Your FIRE number is the total amount of income-producing assets you need to cover all of your living expenses and be able to retire from a traditional 9 to 5 job effectively.
So, what is your FIRE number? How do you know how much you will need to retire early? At the crux of this question lies a formula. It is not a complex formula but rather quite simple. There are several rules or guides related to investing, and FIRE that will help you determine your specific number.
We won’t get into too many details here, but the general rule is that to get to FIRE as quickly as possible, you need to be saving/investing between 50-75% of your income, which is far more than the typical 10-15% recommended by most financial planners and gurus. While 10-15% is good, saving 50-75% is much better and is a surefire way to reach financial independence within 7 to 17 years.
The traditional FIRE goal for most people is 25 times your annual living expenses. If you abide by the conventional 4% withdrawal rule, you could potentially not run out of assets for the rest of your life. Knowing your FIRE number, or the amount of income-producing assets to cover at least 25 years of living expenses, is mandatory as you cannot get to where you’re going without knowing where you’re going.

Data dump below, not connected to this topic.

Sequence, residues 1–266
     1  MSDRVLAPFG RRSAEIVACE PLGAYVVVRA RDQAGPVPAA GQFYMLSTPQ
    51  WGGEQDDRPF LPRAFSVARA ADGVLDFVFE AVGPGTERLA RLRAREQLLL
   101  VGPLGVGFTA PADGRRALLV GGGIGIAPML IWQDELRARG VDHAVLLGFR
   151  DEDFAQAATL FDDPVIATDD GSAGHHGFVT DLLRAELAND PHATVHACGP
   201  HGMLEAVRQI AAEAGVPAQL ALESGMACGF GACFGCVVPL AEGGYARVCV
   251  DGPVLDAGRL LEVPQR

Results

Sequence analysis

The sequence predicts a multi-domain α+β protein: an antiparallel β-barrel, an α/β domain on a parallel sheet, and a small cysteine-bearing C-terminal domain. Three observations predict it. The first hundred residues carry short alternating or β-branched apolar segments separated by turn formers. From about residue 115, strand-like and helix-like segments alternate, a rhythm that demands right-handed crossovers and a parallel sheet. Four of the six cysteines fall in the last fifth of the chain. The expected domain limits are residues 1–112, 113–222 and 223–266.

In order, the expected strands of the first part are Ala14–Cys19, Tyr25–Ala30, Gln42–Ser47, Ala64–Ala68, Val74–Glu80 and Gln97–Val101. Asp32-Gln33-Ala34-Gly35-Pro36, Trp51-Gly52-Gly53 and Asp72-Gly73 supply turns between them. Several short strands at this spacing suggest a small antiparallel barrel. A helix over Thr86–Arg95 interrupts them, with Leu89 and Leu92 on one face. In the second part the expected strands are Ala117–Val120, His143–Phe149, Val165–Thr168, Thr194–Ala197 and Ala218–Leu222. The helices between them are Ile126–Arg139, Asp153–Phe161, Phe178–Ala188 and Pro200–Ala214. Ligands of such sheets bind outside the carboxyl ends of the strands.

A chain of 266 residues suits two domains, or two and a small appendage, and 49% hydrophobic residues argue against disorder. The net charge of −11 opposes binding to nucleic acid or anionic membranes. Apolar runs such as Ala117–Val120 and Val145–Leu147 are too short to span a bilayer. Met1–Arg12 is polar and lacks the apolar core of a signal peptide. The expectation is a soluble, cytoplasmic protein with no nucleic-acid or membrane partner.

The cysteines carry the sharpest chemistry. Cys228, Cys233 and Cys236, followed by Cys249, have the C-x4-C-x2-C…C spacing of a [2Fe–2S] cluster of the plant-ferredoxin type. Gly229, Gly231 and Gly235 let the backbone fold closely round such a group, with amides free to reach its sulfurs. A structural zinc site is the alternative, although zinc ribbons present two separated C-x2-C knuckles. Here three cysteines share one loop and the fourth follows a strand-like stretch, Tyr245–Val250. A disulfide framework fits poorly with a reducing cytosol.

The Rule of 25 is simple. Take your total annual living expenses, multiply that by 25, and that is your FIRE number or the number of assets needed to produce income to cover your living expenses. For example, if you have a mortgage that you’re still paying, and the monthly payment is $1000, the annual amount is $12,000. $1K x 12mo. = $12,000. If you need to cover that amount, you would need 25X that amount in assets or $300K. $12K x 25 = $300K.
So how would that $300K produce income to cover the $12K in annual expenses? Well, that is where the 4% rule comes into play. If you invest $300K in some good growth stock mutual funds or low-cost index funds that generate an average of 7% growth per year, which is conservative, it will generate $21K in potential returns. $300K x 7% = $21,000. So if you withdraw 4% of that, it would be $12K, ensuring you leave some in the investment so that it can continue to grow with compounding interest.
If you had to pay taxes on the money you withdraw, you might need to draw a little more to cover the taxes and ensure you net the total $12K required to cover the mortgage payment.
For example, if you wanted to retire early and need to cover $100K of expenses a year, you would need about 25X that amount in assets, about $2.5 million. 4% of 2.5Million is $100K. Assuming these assets produce about 7% return per year, that’s about $175K in total returns that you could withdraw without touching the principal. If all this is taxable income, you might need to pay about 1/3 of that or up to 33% in taxes. That would leave you a little over $117,250K in income. So you could withdraw the $100K, pay all the taxes and still leave yourself about $17K to continue to grow your investments or have extra cash.